I agree, but that's true both for reads and writes, and then we want to
delete it. So the logic might be something like
remove = 0;
if ((vm_swap_full() && (remove = exclusive_swap_cache_delete())) ||
pte = mk_pte(page, vma->vm_page_prot);
if (remove || write_access)
pte = pte_mkdirty(pte);
if (vma->vm_page_prot & VM_WRITE)
pte = pte_mkwrite(pte);
ie we _remove_ it if we're low on swap entries and it is exclusive (that
doesn't really save memory, but it allows us to re-use the swap entries
for "better" pages), and we just re-use it without removing it if we're
the only users (it doesn't even have to be a write access - we can do it
even for reads, as if we're the only user we might as well just give the
page to the process anyway - and let fork() do the thing it does in any
Then we'll just trust the dirty bit when shared, like we always have done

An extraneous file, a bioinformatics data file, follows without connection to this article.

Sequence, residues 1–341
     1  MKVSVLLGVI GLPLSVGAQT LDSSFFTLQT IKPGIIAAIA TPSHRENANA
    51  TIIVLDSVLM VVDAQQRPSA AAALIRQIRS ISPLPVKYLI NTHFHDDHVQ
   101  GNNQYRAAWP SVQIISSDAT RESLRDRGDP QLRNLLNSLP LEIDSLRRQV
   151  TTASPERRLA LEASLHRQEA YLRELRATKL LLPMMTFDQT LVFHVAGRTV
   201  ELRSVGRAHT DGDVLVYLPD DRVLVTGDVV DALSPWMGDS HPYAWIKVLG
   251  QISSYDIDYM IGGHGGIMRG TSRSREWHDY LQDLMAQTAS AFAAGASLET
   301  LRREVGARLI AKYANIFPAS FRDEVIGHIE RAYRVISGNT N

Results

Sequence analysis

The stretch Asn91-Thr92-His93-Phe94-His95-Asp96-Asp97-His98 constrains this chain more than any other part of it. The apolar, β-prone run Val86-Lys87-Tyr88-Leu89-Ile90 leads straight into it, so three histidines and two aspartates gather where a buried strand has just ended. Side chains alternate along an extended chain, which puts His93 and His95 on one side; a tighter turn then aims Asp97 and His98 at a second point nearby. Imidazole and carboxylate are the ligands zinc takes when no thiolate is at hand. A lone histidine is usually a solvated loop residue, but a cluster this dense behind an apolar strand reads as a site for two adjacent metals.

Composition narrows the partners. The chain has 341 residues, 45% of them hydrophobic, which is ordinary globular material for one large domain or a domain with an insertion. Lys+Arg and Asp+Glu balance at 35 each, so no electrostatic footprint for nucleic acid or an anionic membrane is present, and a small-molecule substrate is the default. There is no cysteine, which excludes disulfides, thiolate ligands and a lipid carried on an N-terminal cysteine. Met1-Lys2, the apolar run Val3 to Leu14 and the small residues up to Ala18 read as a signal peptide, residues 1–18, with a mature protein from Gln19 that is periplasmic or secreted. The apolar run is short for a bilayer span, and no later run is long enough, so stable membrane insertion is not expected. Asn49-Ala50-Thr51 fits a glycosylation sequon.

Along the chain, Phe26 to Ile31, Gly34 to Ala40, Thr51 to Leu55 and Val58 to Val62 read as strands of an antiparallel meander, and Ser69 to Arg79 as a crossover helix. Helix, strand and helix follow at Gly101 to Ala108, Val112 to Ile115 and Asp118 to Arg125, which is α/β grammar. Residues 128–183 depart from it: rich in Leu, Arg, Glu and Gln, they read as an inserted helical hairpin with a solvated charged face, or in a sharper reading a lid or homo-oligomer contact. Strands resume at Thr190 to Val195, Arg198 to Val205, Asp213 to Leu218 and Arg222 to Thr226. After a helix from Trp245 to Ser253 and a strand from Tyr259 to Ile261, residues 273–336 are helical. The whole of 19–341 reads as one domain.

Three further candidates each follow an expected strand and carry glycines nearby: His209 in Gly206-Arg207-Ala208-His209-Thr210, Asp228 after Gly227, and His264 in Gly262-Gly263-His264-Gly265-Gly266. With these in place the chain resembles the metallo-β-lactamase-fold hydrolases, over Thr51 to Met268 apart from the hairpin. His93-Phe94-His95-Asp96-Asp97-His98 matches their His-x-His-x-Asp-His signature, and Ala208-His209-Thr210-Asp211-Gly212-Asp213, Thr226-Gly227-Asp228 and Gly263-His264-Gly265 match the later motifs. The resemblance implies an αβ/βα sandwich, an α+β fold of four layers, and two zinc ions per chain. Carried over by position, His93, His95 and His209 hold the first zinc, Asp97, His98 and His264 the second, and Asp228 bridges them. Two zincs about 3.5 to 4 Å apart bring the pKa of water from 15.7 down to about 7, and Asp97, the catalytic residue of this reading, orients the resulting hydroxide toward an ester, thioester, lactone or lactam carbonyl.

before anyway (we need to set it on removal, and we want to set it early
on a write access to avoid unnecessary faults on architectures which do
the dirty bit in software - that's why we have the "remove ||
write_access" test there.
> The only advantage of dirty swap cache persistence is that it will
> maintain the same position on disk across a swapin/swapout cycle.
Well, the _big_ advantage is not the persistence, but the fact that the
page might be in-flight when the user wants to use it, and the swap cache
is just busy. Right now we _wait_ for the write to complete, which is
silly. We might as well just let the user start using the page (including
writing more stuff to it), and later on write it again.
So right now the "remove from swap cache" is actually a IO-serializing
operation, and we're doing it for no really good reason.
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